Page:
the animal farm

Joan Miró, Character, Bronze, 200 x 120 x 90 cm, 1970.
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By PAULO SCOTT*

Presentation of the newly edited book by George Orwell.

Good books resist the years, decades, contrasts and ideological injunctions, episodic hegemonies and structural hegemonies, by renewing themselves, especially in the readings and rereadings they provide, in the face of civilizing progress, its contradictions and limits, and the expansion of of our ability to understand and problematize the tragedies unavoidably linked to this advance.

Author of magnificent essays about the social complexities of his time and the literary production in the English language, George Orwell, born Eric Arthur Blair on June 25, 1903, in the city of Motihari, India – still afflicted, at the time, by the presence British colonial era –, in addition to emblematic journalistic texts, he wrote fiction that impacted readers and also critics in a way that very few authors could.

His works shifted lenses towards what, limited to contemporary elements of their time, and hitherto little scrutinized, could, in their perverse potentiality, trigger unstoppable paths towards the worst scenarios of political and social application. In this sense, two fictional works by him gained attention, becoming extremely popular: 1984 e The Animal Farm: A Fairy Tale.

Using a supposedly simple format, easy to read and assimilate, that of fables, the farm of the animalsbut it is a narrative of many implications. Directed by its author – staunch opposition to the logic of British imperialism and the capitalist system in general –, as an acute criticism of totalitarian practices, a context in which totalitarian propaganda is included, committed by Stalin in the Soviet Union, this book contemplates a scenario , a setting, quite elementary: the routine of a farm.

On this invented farm, located in the interior of an England that, according to Orwell himself, was not completely democratic, the owner, a decadent, drunk, indebted man, treats the animals that live there in an increasingly cruel way. For this reason, at a certain point, the animals – inspired by the dream of an elderly pig called Major, who passes away “peacefully in his sleep” days after voicing his vision of a better future – rebel against the farmer who oppresses them, the man, the only enemy.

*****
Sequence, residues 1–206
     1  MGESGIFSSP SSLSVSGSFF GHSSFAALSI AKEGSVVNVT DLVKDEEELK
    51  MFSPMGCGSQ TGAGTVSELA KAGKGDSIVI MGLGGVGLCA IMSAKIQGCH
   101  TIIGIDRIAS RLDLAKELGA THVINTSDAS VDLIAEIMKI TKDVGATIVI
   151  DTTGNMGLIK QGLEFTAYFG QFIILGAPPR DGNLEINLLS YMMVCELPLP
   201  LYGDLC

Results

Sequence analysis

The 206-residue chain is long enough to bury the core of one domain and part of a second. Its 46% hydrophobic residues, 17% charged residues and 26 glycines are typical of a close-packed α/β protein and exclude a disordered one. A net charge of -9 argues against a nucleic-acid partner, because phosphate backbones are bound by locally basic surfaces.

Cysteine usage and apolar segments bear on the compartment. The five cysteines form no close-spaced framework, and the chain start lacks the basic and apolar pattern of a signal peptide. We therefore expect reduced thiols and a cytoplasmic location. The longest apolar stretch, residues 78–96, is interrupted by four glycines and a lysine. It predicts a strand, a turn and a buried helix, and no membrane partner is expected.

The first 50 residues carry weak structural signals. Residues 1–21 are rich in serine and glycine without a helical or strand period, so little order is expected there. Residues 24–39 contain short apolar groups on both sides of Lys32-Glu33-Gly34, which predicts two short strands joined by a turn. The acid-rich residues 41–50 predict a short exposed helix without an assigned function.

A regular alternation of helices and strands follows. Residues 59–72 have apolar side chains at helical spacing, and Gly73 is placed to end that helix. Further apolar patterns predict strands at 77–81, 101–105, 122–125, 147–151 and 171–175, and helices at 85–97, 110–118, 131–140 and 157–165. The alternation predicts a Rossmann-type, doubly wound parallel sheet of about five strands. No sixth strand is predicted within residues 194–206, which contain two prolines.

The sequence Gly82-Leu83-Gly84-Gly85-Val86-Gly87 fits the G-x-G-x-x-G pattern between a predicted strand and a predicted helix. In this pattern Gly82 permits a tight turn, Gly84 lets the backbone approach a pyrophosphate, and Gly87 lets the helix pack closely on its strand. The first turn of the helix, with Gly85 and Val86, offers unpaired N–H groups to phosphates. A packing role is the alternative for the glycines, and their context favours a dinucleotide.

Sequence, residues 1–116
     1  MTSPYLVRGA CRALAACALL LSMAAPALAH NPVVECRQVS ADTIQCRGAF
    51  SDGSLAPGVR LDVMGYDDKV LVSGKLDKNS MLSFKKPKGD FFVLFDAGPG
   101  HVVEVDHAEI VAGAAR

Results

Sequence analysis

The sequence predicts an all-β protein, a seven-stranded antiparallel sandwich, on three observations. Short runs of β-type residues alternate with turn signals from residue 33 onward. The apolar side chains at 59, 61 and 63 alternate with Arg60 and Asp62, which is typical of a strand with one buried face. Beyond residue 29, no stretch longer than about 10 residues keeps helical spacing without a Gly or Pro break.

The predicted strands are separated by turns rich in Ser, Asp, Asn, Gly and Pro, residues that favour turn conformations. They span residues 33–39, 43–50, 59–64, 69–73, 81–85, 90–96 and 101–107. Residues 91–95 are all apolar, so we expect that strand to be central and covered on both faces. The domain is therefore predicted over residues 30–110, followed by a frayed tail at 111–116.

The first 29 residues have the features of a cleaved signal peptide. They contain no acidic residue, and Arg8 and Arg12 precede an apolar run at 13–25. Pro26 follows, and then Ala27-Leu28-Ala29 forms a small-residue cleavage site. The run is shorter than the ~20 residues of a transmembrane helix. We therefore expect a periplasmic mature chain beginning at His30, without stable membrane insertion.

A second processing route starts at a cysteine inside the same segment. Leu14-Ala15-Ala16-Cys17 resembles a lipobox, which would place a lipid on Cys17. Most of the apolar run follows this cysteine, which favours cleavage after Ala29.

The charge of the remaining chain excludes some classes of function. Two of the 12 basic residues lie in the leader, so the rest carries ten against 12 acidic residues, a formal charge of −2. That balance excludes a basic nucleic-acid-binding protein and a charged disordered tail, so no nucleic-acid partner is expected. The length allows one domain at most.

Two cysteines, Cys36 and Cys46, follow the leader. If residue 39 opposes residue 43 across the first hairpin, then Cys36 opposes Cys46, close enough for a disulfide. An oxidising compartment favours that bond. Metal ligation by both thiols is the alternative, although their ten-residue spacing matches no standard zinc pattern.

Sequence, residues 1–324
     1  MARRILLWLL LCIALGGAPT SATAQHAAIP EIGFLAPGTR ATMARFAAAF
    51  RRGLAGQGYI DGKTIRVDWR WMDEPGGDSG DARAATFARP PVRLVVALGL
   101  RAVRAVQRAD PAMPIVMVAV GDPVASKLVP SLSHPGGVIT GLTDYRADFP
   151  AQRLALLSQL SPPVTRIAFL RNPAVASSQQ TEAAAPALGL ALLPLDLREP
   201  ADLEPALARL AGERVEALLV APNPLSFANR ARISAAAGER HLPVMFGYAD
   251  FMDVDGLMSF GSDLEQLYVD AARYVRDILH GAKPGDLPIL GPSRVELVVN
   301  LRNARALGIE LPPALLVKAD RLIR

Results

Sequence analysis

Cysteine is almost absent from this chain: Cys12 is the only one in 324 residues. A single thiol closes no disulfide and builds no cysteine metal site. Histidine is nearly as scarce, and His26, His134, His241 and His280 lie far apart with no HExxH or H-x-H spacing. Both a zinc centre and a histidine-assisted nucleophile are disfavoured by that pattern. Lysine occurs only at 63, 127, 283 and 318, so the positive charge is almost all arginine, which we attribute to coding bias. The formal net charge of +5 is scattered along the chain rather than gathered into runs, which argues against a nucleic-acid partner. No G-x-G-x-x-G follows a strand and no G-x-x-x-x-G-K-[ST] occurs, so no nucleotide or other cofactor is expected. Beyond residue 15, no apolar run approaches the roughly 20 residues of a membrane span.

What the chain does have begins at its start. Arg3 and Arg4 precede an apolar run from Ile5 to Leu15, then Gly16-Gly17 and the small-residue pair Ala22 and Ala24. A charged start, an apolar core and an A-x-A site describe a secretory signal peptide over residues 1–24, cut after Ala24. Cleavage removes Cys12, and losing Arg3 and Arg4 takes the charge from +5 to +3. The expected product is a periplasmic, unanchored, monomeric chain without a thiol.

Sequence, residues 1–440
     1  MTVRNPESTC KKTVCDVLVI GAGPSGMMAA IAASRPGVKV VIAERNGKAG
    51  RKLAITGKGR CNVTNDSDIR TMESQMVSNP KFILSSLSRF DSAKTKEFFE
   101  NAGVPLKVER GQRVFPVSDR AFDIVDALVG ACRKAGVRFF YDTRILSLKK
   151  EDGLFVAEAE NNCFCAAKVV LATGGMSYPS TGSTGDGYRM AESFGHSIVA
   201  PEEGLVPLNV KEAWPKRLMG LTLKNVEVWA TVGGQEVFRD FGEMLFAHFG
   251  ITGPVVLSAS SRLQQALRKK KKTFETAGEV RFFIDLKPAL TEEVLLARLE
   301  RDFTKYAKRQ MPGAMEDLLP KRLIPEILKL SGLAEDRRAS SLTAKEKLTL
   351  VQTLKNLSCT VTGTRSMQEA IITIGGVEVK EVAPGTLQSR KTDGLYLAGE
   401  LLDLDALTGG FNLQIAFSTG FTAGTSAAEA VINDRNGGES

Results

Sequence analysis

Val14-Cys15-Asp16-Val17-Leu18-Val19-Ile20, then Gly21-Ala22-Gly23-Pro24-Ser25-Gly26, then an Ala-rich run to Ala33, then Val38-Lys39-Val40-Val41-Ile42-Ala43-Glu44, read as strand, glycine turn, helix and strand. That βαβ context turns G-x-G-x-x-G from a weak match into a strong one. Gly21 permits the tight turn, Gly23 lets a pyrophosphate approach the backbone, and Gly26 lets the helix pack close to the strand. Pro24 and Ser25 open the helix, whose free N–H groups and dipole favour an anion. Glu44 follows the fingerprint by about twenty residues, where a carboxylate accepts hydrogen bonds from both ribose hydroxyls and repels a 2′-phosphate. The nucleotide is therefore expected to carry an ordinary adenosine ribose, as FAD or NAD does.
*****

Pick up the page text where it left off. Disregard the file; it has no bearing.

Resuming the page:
From this rebellion (the author does not use the word “revolution”), the management of the farm by the animals begins. The pigs take the lead and start directing the other animals – among them Snowball and Napoleon stand out, characters that, in the author's allegorical proposal, would represent, respectively, Leon Trotsky and Josef Stalin. The book is not exactly a critique of Soviet communism (or communist and socialist ideologies), but an unveiling of atrocious and distorted behaviors that, in the narrative induction, would connect to the atrocities and distortions produced by Stalinism. This – protected by an ideological propaganda, cult to the personality of the leader, of the severe and protective father, very well executed, very effective – was read and extolled externally as a justified solution and possible, adequate realization of socialist ideals.

One cannot forget that Orwell was a child of the popular classes and knew the hard side of human existence before becoming the writer he wanted to be. In the wake of this, one can also point out, in a quasi-defense perspective, the use of the emblematic figure of Trotsky – the author flirted with and, at various times, punctually adhered, in militancy and struggle, to Trotskyism – which, purged, would assume, in the Stalin's speech, the role of conspiratorial ghost, part of the gear of threats to the Soviet nation.

This edition, translated by Fábio Bonillo, brings the preface written by Orwell in 1945 for the launch of his the animal farm – text that was rejected by the editors at the time –, making it possible to understand the extent of his will to attack totalitarianism, the oppression of the Soviet people by its leader Josef Stalin, but not only that. This text reveals the ethics that drive the readings and production of this tireless writer, whose sensitivity positioned him in a place of never adhering to the civilizing schemes of oppression, especially the oppression managed by the capitalists, the owners of the financial system, of mass technologies , from large estates, the master puppeteers of the collective conviction that the normality of the world lies in the affirmation of an equality that will never be so equal. It is almost impossible to find someone minimally tuned in, tuned in, who, lover of literature or not, at some point has not bumped into the assertion “all animals are equal but some animals are more equal than others”, which tells the story.